The Southern Poverty Law Center (SPLC) reported a sharp uptick in reported hate crimes in the fourth quarter of 2016. Researchers have shown that reported hate crimes following President Trump’s election made up the second largest surge since the FBI began collecting data in 1992. Yet the FBI’s annual Hate Crimes Statistics report vastly understates the true incidence of this problem. In 2017, the report reflected that approximately 7,000 hate crimes occurred nationwide, when the SPLC believes the number is closer to approximately 250,000 per year.
The Khalid Jabara-Heather Heyer NO HATE Act would help combat the recent surge in hate crimes by:
- Improving Reporting of Hate Crimes: This legislation will improve reporting of hate crimes by supporting the implementation of and training for NIBRS, the latest crime reporting standard, in law enforcement agencies without it. This will allow law enforcement agencies to record and report detailed information about crimes, including hate crimes, to the FBI. In 2016, of the 15,254 agencies that participated in reporting hate crimes to the FBI, nearly nine out of 10 reported zero hate crimes; in Mississippi, agencies reported just seven incidents in the entire state. Helping law enforcement agencies recognize and report detailed information on hate crimes and report that data to the FBI will help establish a clear picture of the threats that vulnerable communities are facing across the country.
- Encouraging Law Enforcement Prevention, Training, and Education on Hate Crimes: This legislation will provide support to law enforcement agencies that establish a policy on identifying, investigating and reporting hate crimes, train officers on how to identify hate crimes, develop a system for collecting hate crimes data, establish a hate crimes unit within the agency, and engage in community relations to address hate crimes in that jurisdiction.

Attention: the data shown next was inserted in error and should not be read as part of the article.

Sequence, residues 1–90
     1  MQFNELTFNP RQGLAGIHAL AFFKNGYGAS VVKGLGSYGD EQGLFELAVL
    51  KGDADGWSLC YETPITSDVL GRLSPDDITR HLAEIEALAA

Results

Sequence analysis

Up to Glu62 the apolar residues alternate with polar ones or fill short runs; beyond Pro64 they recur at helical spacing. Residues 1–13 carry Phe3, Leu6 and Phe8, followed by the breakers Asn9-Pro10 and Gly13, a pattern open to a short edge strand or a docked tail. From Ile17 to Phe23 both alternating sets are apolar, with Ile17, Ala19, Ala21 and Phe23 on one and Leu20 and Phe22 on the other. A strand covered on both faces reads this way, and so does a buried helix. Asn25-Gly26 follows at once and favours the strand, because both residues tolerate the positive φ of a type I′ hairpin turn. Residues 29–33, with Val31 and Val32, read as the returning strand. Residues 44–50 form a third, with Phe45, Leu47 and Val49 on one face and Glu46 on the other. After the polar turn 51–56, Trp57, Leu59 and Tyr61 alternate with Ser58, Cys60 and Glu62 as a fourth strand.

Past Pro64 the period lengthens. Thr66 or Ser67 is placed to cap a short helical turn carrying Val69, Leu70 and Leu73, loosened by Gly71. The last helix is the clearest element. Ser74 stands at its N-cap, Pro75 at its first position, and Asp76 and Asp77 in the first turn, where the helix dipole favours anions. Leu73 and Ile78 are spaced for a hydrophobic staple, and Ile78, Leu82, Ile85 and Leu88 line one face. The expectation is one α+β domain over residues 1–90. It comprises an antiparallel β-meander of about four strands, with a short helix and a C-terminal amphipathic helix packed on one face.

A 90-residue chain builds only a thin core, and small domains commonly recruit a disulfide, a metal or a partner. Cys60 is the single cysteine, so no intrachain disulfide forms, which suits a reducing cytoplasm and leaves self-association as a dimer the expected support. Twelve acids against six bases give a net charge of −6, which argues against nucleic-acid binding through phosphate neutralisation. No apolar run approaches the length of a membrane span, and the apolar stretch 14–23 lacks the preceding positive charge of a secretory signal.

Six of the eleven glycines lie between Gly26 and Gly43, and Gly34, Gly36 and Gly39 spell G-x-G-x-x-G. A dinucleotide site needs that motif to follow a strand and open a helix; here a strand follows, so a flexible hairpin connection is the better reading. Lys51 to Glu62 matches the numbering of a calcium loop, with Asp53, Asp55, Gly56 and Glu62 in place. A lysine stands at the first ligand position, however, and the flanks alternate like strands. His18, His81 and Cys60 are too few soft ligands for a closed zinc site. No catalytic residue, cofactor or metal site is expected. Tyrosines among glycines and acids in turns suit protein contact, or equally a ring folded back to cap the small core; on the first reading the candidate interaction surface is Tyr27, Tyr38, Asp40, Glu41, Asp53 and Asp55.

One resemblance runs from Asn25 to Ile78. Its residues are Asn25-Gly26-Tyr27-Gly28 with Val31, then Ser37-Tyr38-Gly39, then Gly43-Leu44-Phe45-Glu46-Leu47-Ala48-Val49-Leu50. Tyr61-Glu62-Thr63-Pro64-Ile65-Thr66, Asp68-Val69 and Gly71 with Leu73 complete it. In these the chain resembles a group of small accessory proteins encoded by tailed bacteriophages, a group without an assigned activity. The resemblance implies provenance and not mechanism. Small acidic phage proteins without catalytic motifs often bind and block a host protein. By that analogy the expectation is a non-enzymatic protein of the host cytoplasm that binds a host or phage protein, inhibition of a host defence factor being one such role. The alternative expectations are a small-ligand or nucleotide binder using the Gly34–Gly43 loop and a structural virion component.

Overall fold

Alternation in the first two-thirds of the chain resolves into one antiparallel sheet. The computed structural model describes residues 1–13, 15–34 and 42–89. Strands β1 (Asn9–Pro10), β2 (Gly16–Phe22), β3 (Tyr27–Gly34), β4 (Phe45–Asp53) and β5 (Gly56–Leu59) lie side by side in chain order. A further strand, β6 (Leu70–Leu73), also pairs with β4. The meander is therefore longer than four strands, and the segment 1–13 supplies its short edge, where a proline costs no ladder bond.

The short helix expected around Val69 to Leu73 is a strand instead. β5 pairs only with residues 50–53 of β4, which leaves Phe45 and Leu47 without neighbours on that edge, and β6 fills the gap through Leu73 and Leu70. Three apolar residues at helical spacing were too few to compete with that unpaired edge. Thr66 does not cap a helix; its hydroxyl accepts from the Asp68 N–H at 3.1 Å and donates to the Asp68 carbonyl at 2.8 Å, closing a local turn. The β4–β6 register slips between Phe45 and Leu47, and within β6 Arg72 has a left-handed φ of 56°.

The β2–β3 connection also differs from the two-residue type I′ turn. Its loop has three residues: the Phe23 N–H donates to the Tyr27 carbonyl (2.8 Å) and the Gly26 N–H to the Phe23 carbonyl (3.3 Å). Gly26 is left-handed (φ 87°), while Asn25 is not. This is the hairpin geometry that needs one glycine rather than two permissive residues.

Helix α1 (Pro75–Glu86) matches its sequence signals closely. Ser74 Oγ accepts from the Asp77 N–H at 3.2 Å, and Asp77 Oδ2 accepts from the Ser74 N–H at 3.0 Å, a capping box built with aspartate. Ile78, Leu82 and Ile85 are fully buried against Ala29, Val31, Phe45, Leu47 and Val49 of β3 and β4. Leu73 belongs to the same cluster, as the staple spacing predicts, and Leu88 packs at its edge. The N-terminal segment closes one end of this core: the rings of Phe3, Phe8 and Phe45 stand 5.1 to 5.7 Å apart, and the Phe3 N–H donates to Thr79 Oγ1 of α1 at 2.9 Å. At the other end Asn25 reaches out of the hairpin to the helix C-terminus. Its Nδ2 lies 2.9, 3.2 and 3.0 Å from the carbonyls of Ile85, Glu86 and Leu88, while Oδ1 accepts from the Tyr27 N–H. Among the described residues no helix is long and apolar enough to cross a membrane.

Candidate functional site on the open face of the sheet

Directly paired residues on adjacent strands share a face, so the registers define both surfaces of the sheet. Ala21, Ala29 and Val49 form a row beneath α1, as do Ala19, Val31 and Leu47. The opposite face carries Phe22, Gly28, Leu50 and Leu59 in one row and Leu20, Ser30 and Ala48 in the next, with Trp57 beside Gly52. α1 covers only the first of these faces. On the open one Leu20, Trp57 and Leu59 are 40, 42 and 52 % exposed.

- Establishing Hate Crime Hotlines: This legislation will provide grants for states to establish and run hate crime hotlines, to record information about hate crimes, and to redirect victims and witnesses to law enforcement and local support services as needed. This will make sure that hate crimes don’t go unreported and victims get the help that they need.
- Allowing Judges to Require Community Service or Education for Perpetrators of Hate Crimes: This legislation will allow for judges to require individuals convicted under federal hate crime laws to undergo community service or education centered on the community targeted by the crime.
The bill is endorsed by the American Civil Liberties Union; the Arab American Institute; Center for the Study of Hate and Extremism, California State University, San Bernardino; the Heather Heyer Foundation; Lawyers' Committee for Civil Rights Under Law; the Leadership Conference for Civil and Human Rights; the Matthew Shepard Foundation; Muslim Advocates; the National Center for Transgender Equality; the National Disability Rights Network; Religious Action Center of Reform Judaism; South Asian Americans Leading Together (SAALT); and the Sikh Coalition.